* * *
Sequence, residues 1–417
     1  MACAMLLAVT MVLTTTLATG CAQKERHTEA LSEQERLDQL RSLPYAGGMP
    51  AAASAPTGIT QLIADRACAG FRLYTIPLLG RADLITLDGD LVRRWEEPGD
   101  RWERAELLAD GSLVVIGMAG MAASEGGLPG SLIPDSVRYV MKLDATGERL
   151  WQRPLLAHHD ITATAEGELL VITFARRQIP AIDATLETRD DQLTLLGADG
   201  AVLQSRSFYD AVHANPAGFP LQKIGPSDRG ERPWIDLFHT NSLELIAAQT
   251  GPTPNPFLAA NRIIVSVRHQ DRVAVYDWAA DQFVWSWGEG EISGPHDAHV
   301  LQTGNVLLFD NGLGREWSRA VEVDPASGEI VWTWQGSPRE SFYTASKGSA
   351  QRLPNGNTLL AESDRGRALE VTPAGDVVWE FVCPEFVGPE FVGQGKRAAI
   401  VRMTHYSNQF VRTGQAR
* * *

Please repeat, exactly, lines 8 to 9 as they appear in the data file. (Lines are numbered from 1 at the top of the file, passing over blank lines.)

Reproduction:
   301  LQTGNVLLFD NGLGREWSRA VEVDPASGEI VWTWQGSPRE SFYTASKGSA
   351  QRLPNGNTLL AESDRGRALE VTPAGDVVWE FVCPEFVGPE FVGQGKRAAI